I believe what you are saying here, is getting to more of the key issue or root of the actual problem. As a “UX designer” or “human centered design” or whatever term you’d like to use to describe the role, I believe it gets down to one real aspect. Empathy. We (as designers) should have empathy for the humans using the “things” and for the “business” providing the “things.”
So sure, I suppose I agree with you, that we should at least have some degree of understanding of “business.” Do we need a degree in business? No.
Understanding the Real Problem
What you seem to be describing here, sounds more an aspect of taking the time to truly understand the “problem” that is being “solved” and truly understanding the business needs and accounting for that when solving the problem through design.
So, I do agree with you, that I find that there is a problem with that in many designers. Far too often designers jump to the solution and beyond that they jump to the execution or the “craft” of the solution. They too often forget to ask “why” enough times to get to the actual root of the problem that needs to be solved.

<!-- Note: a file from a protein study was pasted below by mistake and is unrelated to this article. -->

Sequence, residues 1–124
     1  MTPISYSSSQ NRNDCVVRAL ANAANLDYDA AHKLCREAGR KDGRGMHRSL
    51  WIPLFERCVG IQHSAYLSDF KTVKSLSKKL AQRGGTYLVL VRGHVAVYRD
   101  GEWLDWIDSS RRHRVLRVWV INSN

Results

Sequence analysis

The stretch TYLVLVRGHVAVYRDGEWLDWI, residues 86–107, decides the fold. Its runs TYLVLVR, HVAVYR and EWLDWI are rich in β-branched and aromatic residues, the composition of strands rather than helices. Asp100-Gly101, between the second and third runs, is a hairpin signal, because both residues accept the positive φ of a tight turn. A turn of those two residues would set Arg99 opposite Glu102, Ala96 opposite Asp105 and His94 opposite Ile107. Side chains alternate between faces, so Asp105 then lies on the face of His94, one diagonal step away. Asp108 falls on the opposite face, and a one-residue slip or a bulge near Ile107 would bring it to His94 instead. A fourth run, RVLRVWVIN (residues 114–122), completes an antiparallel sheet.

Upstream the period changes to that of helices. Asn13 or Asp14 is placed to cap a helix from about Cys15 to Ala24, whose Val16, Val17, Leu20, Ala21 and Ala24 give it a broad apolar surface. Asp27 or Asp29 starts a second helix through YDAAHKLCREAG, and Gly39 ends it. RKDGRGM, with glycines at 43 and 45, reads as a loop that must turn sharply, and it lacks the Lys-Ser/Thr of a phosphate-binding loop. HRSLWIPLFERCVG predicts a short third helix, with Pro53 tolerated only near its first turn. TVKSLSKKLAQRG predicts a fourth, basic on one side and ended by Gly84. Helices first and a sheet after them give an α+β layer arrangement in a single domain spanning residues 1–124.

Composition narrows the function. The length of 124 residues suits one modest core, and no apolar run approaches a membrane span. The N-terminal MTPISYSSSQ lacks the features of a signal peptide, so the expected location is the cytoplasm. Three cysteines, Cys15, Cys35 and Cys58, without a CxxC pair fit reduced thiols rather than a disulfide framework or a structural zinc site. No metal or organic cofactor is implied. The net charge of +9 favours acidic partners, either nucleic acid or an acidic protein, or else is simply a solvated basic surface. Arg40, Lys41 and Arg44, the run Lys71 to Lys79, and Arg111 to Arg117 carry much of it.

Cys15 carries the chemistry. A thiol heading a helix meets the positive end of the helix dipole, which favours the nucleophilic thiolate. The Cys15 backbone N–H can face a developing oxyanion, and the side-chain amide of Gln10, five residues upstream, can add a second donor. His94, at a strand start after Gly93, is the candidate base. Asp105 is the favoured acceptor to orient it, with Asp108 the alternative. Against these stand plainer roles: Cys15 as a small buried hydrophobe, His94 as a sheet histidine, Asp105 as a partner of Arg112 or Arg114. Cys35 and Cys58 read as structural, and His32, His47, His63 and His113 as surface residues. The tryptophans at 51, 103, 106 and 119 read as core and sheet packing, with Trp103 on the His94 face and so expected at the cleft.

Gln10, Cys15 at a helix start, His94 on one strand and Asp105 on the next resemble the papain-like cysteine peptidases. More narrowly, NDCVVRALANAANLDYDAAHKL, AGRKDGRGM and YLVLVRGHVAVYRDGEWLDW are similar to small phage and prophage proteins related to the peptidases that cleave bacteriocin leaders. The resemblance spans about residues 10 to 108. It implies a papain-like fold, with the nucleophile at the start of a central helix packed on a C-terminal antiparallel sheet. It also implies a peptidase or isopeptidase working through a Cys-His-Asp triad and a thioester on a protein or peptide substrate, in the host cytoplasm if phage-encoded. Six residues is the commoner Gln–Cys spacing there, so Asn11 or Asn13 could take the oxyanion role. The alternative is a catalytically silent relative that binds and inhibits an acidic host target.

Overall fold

At the same time, I believe that the business also rushes to solve problems before taking the time to truly understand the root of the problem as well. There are too many businesses that go to designers with solutions and when the designers push back to understand the problem better to ensure they are coming up with the right solution they are met with a great deal of opposition.
We Are All Accountable
Though, what you are saying applies to both ends (the business leaders as well as the designers). The CEO’s and VP’s need to have some degree of understanding of the role and value of design just as much as designers need to understand and value the role of the business leaders.
The companies you named (like Airbnb, Pocket, Facebook, Google, and Slack), I believe are the companies where both sides have come to trust, value, and understand eachothers roles. They allow design to have a seat at the “table” where the real business decisions are being made. Most companies have the “directors of design” not at a “chief seat” level. Instead design is burried under multiple levels of management, where their voice and value is muffled and supressed.
Any great team that is successful, is successful because each player sticks to their roles and trusts and values and has empathy for all the other roles of the team. They understand that the fist is stronger and more powerful than the open hand.